For a long time now I have meant to tell you about TIME'S only woman Senior Editor, Content Peckham. Our most recent inquiry about her is from Reader Charles D. Jones, placer miner, of Nome, Alaska, who wrote, in part:
Dear Lady: Having attained an age when the comforts of home and a warm cheerful hearth have more of an attraction for me than chewing the fat with a bunch of laid-by sourdoughs, I have read everything in TIME including the list of editors, where I ran onto your name. At the risk of being a bit impertinent, is that your name or just your business name? My father's people came from New England . . . and your name recalled pictures of homes there belonging to my ancestors. It kind of animated old memories . . .
For the benefit of Reader Jones and all concerned, Content is indeed Senior Editor Peckham's given name (she is married to Joseph Cowan, a former newspaperman). There have been Peckhams in New England since the 17th Century, including Contents and a Freelove or two, but TIME'S Content Peckham is a native New Yorker (New Rochelle). We first caught sight of her in 1930, after she was graduated from Bryn Mawr, when she applied for a researcher's job. She was told to get some experience and try -again.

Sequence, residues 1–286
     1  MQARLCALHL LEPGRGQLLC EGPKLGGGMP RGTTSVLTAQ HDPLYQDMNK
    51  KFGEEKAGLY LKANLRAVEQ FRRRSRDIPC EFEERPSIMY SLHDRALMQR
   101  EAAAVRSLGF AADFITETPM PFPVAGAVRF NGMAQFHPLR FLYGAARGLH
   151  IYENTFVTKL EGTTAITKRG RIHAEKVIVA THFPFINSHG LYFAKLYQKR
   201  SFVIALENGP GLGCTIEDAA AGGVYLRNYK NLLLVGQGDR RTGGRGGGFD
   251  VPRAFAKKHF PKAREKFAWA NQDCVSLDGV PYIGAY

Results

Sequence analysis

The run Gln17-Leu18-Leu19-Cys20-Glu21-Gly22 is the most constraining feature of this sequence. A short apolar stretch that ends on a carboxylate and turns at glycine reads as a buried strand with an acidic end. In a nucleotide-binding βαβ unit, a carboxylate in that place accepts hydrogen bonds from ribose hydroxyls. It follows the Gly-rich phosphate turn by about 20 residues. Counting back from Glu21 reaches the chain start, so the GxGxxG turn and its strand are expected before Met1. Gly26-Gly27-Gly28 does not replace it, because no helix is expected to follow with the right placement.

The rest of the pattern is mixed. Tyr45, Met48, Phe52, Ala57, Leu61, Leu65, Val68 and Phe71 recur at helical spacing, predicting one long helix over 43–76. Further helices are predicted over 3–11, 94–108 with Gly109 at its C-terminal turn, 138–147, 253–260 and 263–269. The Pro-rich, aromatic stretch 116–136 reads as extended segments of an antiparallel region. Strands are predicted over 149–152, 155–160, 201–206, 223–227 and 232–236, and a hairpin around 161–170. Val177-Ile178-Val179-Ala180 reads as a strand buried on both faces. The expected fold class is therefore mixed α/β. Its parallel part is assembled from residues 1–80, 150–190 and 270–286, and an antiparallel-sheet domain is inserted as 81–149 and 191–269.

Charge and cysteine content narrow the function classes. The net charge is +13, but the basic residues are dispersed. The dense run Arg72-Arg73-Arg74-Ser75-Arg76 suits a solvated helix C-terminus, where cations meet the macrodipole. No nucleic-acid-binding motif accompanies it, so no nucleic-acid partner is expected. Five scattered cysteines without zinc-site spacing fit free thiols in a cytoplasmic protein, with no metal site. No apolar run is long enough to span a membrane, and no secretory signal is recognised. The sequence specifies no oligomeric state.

Her first job, as reporter, writer, then editor of a community magazine, introduced her to the vagaries of flatbed presses, printers, and the long hours of the publishing industry. Successive jobs in the circulation and promotion departments of a trade magazine, and as a space salesman ("as such, I was quite a novelty") increased her publishing experience to the point where she tried TIME again. She was hired in August, 1934, as a researcher.
In those days TIME had only 14 researchers. In 1936, when Miss Peckham became head Foreign News researcher, she had a staff of two. The staff was expanded to meet the coverage of World War II, but the war, with its late-breaking news and last-minute switches of cover subjects, was still a researcher's nightmare. Miss Peckham's firsthand knowledge of Europe helped considerably. She had made six trips to the Continent. She watched Hitler haranguing his followers as early as 1930; in 1937 and 1938 she observed the rebuilding of the German war machine. She was familiar with most of the major news centers. During the historic days that led to Munich, she was again in Germany, crossing to London in time to hear Prime Minister Chamberlain's famed "peace for our time" speech to the House of Commons. She also visited Latin America and Canada.
As chief of all research Content Peckham scans all copy that goes into the magazine and supervises the 50 researchers who check every word that is printed. She hires researchers for their special knowledge in the fields TIME writes about and prefers those who have had some newspaper experience.
TIME Inc. also has training programs for future researchers.
Miss Peckham maintains that there are many rewards in being a TIME researcher. One of them: she met her husband that way. On a trip to the Grumman Aircraft plant for a TIME story during the war he emerged from a telephone booth and introduced himself as the public relations man who was to show her through the plant. Says she: "Sometimes I have to remind him that I got him out of a phone booth."